Instance methods on the ObjectContext will be supported as well. This allows the method to bootstrap itself and trigger direct evaluation, as in the following example (definition of the method and sample query):
Without the ObjectContext, the function cannot reach the store! To support this style of bootstrapping, the context needs to expose the LINQ query provider. For this reason, we now expose a “QueryProvider” property on the ObjectContext. This provider includes the necessary surface to construct or execute a query given a LINQ expression.
If such a method is encountered inline in another query, then we must validate that the instance argument (MethodCallExpression.Object) is the correct context, but the instance is otherwise ignored:
A function proxy can sometimes bootstrap itself without an explicit context, e.g. when an input argument is itself an IQueryable:
Particularly for functions taking collections, we will need to provide overloads for nullable and non-nullable elements. We don’t want to require awkward constructions like:
We created a simple internal tool that generates the classes that represent all the EDM canonical function and the SQL Server store functions. The tool will take the function definitions from Metadata and generate the appropriate function stubs/implementations.
The tool will be outside the product and will be run on demand. We expect to make a version of this tool available for provider writers together with the provider samples.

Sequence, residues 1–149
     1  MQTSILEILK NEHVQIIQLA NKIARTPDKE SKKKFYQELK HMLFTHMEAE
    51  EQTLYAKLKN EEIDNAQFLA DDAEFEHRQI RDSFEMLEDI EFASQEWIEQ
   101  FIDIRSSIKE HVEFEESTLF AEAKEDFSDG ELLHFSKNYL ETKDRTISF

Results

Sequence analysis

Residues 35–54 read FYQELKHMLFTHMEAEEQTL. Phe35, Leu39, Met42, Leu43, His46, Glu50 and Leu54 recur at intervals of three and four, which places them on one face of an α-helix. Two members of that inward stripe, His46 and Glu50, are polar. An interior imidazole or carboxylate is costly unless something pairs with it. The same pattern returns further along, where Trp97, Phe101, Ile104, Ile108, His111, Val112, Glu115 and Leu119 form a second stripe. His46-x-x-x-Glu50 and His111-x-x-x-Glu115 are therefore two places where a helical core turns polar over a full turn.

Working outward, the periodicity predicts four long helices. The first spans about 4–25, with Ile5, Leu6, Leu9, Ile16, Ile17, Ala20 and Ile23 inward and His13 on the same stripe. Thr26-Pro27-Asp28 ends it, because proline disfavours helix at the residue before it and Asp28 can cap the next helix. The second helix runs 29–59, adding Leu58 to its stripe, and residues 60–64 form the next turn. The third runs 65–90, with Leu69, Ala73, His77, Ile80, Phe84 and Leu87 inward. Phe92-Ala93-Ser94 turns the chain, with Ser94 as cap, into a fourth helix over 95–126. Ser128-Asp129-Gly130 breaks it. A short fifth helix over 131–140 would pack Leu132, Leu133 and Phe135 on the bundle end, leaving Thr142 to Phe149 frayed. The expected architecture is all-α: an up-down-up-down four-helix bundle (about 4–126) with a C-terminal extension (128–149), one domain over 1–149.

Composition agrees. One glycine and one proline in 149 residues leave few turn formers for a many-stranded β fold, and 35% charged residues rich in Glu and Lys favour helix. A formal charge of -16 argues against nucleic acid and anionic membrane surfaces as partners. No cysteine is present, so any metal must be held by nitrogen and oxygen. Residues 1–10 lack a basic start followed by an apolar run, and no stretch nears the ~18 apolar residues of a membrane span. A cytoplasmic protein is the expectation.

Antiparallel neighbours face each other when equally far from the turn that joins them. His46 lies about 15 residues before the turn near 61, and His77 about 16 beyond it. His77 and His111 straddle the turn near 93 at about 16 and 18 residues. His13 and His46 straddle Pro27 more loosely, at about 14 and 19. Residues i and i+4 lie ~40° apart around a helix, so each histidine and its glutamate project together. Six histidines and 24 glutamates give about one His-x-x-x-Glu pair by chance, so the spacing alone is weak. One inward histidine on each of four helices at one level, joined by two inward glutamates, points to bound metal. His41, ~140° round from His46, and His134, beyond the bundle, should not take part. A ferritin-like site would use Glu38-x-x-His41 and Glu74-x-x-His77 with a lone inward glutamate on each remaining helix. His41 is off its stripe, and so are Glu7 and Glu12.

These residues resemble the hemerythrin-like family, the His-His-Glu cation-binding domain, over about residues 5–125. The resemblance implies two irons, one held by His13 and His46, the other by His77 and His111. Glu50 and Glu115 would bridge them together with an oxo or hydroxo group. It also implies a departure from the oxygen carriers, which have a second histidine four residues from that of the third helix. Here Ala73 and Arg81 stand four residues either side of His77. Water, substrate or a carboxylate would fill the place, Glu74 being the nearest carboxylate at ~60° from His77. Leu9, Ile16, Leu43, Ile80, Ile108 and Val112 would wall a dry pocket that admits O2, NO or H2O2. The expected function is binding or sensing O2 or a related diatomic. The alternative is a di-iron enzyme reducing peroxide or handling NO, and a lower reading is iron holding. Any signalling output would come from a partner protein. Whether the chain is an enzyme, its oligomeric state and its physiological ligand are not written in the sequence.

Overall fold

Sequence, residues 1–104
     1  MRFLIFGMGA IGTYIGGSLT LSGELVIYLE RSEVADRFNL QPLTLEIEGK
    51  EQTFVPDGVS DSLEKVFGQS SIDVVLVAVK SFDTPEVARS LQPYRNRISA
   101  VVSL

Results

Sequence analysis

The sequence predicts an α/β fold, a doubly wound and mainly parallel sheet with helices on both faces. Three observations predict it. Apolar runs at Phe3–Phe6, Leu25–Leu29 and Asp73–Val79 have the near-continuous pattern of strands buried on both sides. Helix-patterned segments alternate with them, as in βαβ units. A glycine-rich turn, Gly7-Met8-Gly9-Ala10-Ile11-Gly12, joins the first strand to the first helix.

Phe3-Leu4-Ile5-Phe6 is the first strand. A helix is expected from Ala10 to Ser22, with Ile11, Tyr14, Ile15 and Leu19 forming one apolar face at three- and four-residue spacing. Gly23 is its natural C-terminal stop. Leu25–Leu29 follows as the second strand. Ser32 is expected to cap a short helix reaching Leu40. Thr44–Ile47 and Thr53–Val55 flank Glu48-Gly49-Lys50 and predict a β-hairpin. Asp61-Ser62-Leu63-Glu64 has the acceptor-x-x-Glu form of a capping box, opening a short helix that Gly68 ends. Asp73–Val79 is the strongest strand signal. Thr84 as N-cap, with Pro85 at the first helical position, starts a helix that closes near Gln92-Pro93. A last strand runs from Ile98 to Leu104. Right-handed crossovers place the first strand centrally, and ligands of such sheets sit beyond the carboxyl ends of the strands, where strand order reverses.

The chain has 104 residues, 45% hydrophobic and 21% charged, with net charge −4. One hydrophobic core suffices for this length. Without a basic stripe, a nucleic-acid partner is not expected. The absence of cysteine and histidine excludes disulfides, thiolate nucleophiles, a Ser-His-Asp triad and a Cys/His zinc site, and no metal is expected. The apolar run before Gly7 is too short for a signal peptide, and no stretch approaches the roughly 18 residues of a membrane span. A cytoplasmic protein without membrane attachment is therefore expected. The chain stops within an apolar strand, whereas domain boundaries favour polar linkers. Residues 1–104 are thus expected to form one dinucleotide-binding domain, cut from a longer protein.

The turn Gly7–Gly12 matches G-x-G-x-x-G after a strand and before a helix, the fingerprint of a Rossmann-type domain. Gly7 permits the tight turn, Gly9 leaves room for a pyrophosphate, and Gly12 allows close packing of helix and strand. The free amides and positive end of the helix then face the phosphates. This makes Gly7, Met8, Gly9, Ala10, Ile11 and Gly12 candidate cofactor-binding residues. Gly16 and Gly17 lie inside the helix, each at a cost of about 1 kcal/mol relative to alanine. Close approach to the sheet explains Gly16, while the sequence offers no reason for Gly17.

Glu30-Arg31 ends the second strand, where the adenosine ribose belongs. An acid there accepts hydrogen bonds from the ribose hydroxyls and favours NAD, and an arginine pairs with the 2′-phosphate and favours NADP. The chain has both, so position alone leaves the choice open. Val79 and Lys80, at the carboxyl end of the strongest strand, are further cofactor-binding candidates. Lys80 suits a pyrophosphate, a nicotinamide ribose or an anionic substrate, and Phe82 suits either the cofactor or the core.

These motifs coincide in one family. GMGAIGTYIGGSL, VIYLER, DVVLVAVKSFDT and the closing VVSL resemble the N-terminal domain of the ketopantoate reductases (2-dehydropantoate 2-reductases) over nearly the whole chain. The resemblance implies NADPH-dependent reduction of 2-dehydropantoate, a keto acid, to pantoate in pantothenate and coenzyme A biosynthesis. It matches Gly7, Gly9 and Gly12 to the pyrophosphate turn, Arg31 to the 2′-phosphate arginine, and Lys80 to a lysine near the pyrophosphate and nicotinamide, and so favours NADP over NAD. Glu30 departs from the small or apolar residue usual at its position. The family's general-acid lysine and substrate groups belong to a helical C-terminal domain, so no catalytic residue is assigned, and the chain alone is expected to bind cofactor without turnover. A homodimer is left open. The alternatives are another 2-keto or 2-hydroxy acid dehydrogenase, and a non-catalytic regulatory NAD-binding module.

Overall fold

The methods will be in the following classes:
Note: The equivalent class in LINQ to SQL is System.Data.Linq.SqlClient.SqlMethods.
The method names will correspond to the name of the EDM/SQL function they represent. The argument names will correspond to the argument names of the EDM/SQL functions as retrieved by the metadata.
The recommendation for provider writers will be to include a similar static class in a namespace of the following form:
System.Data.Objects.[Standard provider namespace].[Standard provider prefix]Functions
For each non-aggregate function we create an overload with all inputs type as nullable of the CLR equivalent of their EDM primitive type, and the return type nullable of the CLR equivalent of their EDM primitive type.
The implementation of the functions (what gets executed if the function is invoked outside an expression tree) will be to throw a NotSupportedException.
For each aggregate function we will provide two overloads, one with IEnumerable<Nullable<T>> and another one with IEnumerable<T>, where T is the CLR equivalent of the EDM primitive type of the input. The implementations of these will check whether the input is IQueryable in which case it will implement the self-bootstrapping.
The Entity Framework team would love to hear your comments.
Alex James Program Manager, Entity Framework Team
This post is part of the transparent design exercise in the Entity Framework Team. To understand how it works and how your feedback will be used please look at this post.